A Case Control Study: White-Collar Defendants Compared With Defendants Charged With Other Nonviolent Theft

Came across an interesting article entitled A Case Control Study: White-Collar Defendants Compared With Defendants Charged With Other Nonviolent Theft from the March 2006 issue of the Journal of the American Academy of Psychiatry and the Law. 

The article reports the results of a study in which the authors examined the clinical, criminal, and sociodemographic characteristics of all white-collar crime defendants referred to the evaluation unit of a state center for forensic psychiatry.  The study ultimately compares the profiles of 70 embezzlers against the profiles of 73 defendants charged with other forms of nonviolent theft.  The embezzlers were found to have a higher likelihood of white race, more years of education, and a lower likelihood of substance abuse than the control group.

The complexity of the statistics is probably beyond most readers, but for those interested, you can access the full article here.

New Book: Lying, Cheating, and Stealing: A Moral Theory of White-Collar Crime

The White Collar Crime Prof blog recently posted about a new book from Professor Stuart Green, the Louis B. Porterie Professor of Law at Louisiana State University, entitled Lying, Cheating, and Stealing: A Moral Theory of White-Collar Crime.  Professor Henning praises Professor Green for his clear writing style and thorough analysis, and calls the new book an important contribution to the literature on white collar crime. See the full post here, including a link to purchase the book on Amazon.

A Guide to White Collar Crime Prisons

The White Collar Crime Prof Blog in a post here linked to an interesting article here in the Kansas City Star that references Alan Ellis' The Federal Prison Handbook 2005 . Among other things, the handbook offers snapshots of the 178 federal prisons categorized by the four security levels — high, low, medium and minimum. It also covers prison resources such as recreational facilities, vocational programs, drug and alcohol therapies, and libraries, and provides a list of hotels and motels nearby where relatives can stay.

For David Letterman fans, the book also lists the top 5 prisons in Ellis' professional opinion.

It also notes that out of a prison population of 189,097 inmates, 1,001 inmates are currently incarcerated for embezzlement, counterfeiting, and other financial crimes.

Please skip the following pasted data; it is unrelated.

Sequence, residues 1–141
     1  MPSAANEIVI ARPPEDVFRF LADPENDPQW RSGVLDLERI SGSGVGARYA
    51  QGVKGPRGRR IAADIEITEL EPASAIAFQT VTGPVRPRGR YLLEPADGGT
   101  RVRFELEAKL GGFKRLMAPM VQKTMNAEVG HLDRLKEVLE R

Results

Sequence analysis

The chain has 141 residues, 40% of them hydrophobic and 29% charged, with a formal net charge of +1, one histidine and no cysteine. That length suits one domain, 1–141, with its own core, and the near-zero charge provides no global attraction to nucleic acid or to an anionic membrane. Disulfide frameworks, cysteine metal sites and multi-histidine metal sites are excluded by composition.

Anyway, this is one guide we hope you never need.

White Collar Crime Survey

The American Criminal Law Review (ACLR), published by the law students of the Georgetown University Law Center, is one of the nation's premier journals covering criminal law. Each year, the ACLR publishes the highly regarded Annual Survey of White Collar Crime in its spring edition. Peter Henning, at the White Collar Crime Prof Blog, has provided a list of the topics covered in the Spring 2005 Survey.

Learn more about the ACLR, here. The contents of past issues can be reviewed here.

University of Pittsburgh's Sandra Jordan Writes the Book on White Collar Crime

Sandra Jordan is an associate professor in Pitt’s School of Law and coauthor of the newly published White Collar Crime: Cases, Materials, and Problems (LexisNexis, 2005).

White collar crime used to be defined, she notes, as "a crime committed by a person of respectability and high social status in the course of his occupation.”  However, Jordan explains, this definition fails to take into account embezzlement by bank tellers lacking “high social status.”

For a long time, there was a disparity between sentences for white collar crimes and more violent crimes.  As Jordan notes it used to be that “if someone walks into the bank with a gun and a piece of paper that says, ‘Give me your money,’ that person is likely to only get a couple hundred dollars because of all the protections in place. But a person behind the counter can embezzle millions of dollars. Yet, the robber or street criminal was often punished more harshly than the embezzler.”

Read more about Jordan's book and her insights into evolving attitdues towards white collar crime.

Back to home

Subscribe to this blog by email

Subscribe to this blog's feed

Subscribe in NewsGator Online

Contact Us Today!